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Do you think, as artists, we put too much pressure on ourselves to leave a legacy we are proud of?

Interesting question. I can’t speak for anyone else, but for me, I’m not sure I care about a legacy after I’m dead. I think at one point in my life I did, but it was coming from ego. I just make music because that’s what I love to do. If I can leave some music on the planet that makes people happy and brings some joy in some way then I have done my job.

You have a dizzying array of production names. How do you decide which track fits which moniker?

It’s always fun coming up with new aliases! But I can’t say it’s done my “career” any good or at least that’s what they tell me – ha! In the old days, it was because you didn’t want to flood the market with too much music from one guy so an alias was created to release more music for different labels.

I have actually really slimmed it down to just a few key monikers in the last few years as my output is way lower than it used to be. These days, for the most part, each alias kinda has its own brand. Reverse Commuter & [a]pendics.shuffle are pretty similar now though.

Reverse Commuter was started in the late 90’s and had a small rest then brought back to life for Three’s Hallucination Limited now Hallucienda label. Over time [a]pendics.shuffle and Rev Com became pretty close sound wise, although the next batch will be much different than [a]pendics… whenever that comes to life.

Can you tell us about the work you do for film and TV? How does writing soundtracks differ from the dance orientated music you write.

I started doing music for TV and Film in the late 90’s for about a year then picked it back up part time in the mid-2000’s doing mostly stuff for music houses that were focused on commercials and some library work. In late 2012 I was feeling a bit burnt out from touring and making the majority of my living that way, so I started spending more time in the studio doing stuff for TV & film so I could pick and choose gigs.

I do most of my work these days for a company called Alibi… they have been great folks to work with. The music I do for “work” varies from rock and pop to orchestral music to hip hop to house and techno… so it’s all over the map. It definitely keeps me on my toes. It’s all just music to me though really. There’s never getting bored with one style since I have to change it up so much.

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LA has a vibrant and ever-evolving nightlife, but sometimes, we just want to relax and take a moment for ourselves. Where do you suggest we should go once the parties done and we could use a little down time?

There are so many amazing places in and around LA. I used to hike at Deb’s Park almost daily for a while. Griffith Park is great. Angeles National Forest has some great spots. There are a couple of somewhat hidden beaches in Malibu that I love. Joshua Tree is, of course, always awesome. Where I live now in Idyllwild is where I used to come visit all the time to get away, so much that I decided to move here. There’s so many though!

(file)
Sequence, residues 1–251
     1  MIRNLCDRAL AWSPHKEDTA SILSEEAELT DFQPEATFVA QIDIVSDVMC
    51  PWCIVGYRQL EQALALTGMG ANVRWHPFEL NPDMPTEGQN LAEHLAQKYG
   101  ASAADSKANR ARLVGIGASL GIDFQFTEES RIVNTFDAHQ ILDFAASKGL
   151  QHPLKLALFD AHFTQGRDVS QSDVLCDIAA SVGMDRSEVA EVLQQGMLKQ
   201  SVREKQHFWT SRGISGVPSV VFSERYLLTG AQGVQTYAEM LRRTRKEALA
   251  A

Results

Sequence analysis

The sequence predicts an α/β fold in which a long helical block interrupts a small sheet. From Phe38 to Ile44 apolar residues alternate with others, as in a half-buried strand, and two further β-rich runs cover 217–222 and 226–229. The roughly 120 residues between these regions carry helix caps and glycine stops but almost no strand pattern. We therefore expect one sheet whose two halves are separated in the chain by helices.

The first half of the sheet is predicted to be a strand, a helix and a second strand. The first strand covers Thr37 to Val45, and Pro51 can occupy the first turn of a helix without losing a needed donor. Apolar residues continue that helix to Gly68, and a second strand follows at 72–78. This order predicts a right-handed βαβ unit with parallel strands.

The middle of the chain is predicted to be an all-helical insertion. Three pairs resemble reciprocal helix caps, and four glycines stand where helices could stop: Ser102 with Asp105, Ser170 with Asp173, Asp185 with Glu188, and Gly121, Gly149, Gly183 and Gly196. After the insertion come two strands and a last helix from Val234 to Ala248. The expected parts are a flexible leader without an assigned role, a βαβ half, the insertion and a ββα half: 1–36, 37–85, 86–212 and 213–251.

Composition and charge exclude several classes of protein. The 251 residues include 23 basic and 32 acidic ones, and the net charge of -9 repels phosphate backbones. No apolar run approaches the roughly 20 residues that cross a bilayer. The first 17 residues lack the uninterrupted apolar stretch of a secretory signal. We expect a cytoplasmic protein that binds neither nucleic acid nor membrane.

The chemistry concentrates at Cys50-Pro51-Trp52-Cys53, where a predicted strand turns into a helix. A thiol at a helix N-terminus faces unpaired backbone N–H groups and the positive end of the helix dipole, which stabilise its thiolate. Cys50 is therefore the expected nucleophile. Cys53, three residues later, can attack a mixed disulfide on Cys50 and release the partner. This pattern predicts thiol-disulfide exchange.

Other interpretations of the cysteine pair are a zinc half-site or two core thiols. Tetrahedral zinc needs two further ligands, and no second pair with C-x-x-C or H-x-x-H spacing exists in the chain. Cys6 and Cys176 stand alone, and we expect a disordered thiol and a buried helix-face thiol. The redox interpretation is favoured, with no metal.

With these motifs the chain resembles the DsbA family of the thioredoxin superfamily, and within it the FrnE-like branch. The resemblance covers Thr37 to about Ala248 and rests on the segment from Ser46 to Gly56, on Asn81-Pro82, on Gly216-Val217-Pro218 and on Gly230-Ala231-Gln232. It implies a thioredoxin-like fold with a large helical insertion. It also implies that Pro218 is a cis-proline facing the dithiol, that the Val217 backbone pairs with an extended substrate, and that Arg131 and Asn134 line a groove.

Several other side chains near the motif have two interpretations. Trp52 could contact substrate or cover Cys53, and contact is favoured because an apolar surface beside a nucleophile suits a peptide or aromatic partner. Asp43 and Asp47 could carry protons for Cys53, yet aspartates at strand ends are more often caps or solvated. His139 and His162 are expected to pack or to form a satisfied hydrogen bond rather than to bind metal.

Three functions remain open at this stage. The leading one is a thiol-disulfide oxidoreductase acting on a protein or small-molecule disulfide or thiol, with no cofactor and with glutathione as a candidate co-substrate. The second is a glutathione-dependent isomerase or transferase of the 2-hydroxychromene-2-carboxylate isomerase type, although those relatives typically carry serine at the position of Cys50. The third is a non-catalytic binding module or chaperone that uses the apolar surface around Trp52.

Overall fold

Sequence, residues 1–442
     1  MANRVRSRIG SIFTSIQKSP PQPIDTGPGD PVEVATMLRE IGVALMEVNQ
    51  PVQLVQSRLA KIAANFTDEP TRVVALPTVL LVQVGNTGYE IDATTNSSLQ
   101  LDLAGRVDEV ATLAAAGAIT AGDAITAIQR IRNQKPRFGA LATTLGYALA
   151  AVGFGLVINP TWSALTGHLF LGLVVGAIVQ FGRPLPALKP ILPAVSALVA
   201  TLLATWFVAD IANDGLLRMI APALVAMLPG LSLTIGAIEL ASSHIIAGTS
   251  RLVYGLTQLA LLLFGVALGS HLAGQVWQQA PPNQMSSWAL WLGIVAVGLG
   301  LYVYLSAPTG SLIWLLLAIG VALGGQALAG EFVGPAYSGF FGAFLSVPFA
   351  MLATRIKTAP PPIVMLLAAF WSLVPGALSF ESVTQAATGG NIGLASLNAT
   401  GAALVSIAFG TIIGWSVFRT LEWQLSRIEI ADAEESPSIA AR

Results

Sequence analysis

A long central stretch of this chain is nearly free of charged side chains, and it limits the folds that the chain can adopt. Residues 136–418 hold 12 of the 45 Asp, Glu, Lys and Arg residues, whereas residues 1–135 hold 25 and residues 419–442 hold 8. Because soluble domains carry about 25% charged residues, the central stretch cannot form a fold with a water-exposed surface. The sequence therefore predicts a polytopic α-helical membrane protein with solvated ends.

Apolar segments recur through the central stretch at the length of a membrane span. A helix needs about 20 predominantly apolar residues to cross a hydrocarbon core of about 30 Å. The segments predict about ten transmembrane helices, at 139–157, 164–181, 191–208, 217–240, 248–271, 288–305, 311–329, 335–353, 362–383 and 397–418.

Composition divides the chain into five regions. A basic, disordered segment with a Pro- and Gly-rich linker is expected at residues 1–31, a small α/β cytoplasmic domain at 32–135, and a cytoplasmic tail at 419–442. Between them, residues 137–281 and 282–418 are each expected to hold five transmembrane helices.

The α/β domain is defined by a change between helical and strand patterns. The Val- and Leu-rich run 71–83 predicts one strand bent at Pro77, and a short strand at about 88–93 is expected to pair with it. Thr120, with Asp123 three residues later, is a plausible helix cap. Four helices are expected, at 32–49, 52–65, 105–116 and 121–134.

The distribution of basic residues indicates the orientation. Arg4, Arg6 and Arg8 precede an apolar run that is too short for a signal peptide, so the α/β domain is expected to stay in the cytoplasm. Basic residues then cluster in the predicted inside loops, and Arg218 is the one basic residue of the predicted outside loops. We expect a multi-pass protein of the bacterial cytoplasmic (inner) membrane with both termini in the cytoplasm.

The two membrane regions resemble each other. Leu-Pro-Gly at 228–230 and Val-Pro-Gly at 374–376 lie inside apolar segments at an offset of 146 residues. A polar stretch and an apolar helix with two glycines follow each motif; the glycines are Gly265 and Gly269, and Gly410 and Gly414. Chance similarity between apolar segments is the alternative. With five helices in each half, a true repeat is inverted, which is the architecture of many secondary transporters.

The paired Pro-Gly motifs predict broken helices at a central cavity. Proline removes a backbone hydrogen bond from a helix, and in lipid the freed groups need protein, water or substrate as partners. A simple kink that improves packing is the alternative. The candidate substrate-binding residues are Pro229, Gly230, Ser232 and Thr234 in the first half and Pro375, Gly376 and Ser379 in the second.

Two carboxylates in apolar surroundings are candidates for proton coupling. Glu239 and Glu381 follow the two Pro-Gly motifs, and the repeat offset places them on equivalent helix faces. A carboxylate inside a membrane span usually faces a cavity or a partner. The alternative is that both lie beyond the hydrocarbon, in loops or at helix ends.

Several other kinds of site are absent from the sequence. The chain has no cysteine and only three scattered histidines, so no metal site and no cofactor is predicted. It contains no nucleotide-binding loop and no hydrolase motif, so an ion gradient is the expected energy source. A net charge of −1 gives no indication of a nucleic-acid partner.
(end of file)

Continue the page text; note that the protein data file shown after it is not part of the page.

Adjunct Audio has been a quiet staple of underground for about 10 years. It’s one of those labels only the really dedicated crate diggers know of, meaning the quality is always high. But with the world of music retail so changed, do you find today’s market much harder to compete in?

It’s always been tough to compete being we are a small label who has never bought into trends and doesn’t have a ton of money invested in it. I don’t really think of it as a competition though, we just do our thing and it’s always been like that.

We release great music by great artists for open minded people who dig our style. Not many underground artists or labels really make much money off music sales anymore… so it’s a bit tough, but it’s just the way it is nowadays. The main money in music is through licensing or gigs.

We have been in the game about 11 years now. We were supposed to do a 10-year compilation last year and then an 11 this year – but time keeps happening! Looks like we’re doing a 12-year compilation earlyish next year mixed by myself and Konstantin Gabbro (AKA Papa Sang Bass), who I started the label with.

Kenneth, it’s been a blast to meet you. Best of luck with the album and thank you for the great answers!

My Pleasure.

Tracks
01// [a]pendics.shuffle – Ritual Horns
02// Mikael Stavostrand & Shaun Soomro – Underbelly Symphony
03// Benno Blome Feat. Baby Ford – Check Check
04// [a]pendics.shuffle – Touching Space Feat. Kelly Johnston
05// Click Box – Flipping
06// Tony Casanova and Danito & Althina – Out Of Focus
07// John Tejada – Adret
08// Toktok – Monkey B
09// Daze Maxim – Darkness In Your Pocket
10// Miro Pajic – I Believe in You
11// Dance Spirit – Contemplations
12// The Orb – Lunar Caves

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About the author

Before Decoded started, UK Editor, Simon Huxtable ran a successful podcast for new and established artists covering many forms of electronic music. No slouch on the decks himself, he has DJed at some of the countries best venues and has an ever-growing portfolio of releases under his current production moniker - Real Gone Kid.